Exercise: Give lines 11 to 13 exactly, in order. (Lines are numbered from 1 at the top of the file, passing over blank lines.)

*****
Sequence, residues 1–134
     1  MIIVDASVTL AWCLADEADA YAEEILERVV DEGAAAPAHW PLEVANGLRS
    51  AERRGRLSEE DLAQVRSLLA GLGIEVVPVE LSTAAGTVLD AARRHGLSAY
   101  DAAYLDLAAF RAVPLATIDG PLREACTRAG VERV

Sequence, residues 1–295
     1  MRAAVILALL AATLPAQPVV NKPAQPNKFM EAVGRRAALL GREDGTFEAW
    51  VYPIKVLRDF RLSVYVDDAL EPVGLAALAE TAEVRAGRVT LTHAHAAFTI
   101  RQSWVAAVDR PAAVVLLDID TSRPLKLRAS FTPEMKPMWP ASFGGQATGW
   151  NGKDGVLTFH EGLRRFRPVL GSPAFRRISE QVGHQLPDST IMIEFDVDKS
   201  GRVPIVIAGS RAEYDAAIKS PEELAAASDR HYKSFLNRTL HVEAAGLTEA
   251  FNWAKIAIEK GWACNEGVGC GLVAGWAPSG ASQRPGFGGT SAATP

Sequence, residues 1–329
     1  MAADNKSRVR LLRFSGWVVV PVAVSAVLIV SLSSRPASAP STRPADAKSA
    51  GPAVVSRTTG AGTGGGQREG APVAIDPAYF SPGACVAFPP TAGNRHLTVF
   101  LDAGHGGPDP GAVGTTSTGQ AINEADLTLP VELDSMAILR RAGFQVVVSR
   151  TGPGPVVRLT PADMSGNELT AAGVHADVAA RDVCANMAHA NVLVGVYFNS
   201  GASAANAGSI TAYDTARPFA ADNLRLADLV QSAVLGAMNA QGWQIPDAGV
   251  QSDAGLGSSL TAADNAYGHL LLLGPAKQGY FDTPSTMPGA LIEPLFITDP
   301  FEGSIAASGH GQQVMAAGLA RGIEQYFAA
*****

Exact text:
   251  FNWAKIAIEK GWACNEGVGC GLVAGWAPSG ASQRPGFGGT SAATP

Sequence, residues 1–329
     1  MAADNKSRVR LLRFSGWVVV PVAVSAVLIV SLSSRPASAP STRPADAKSA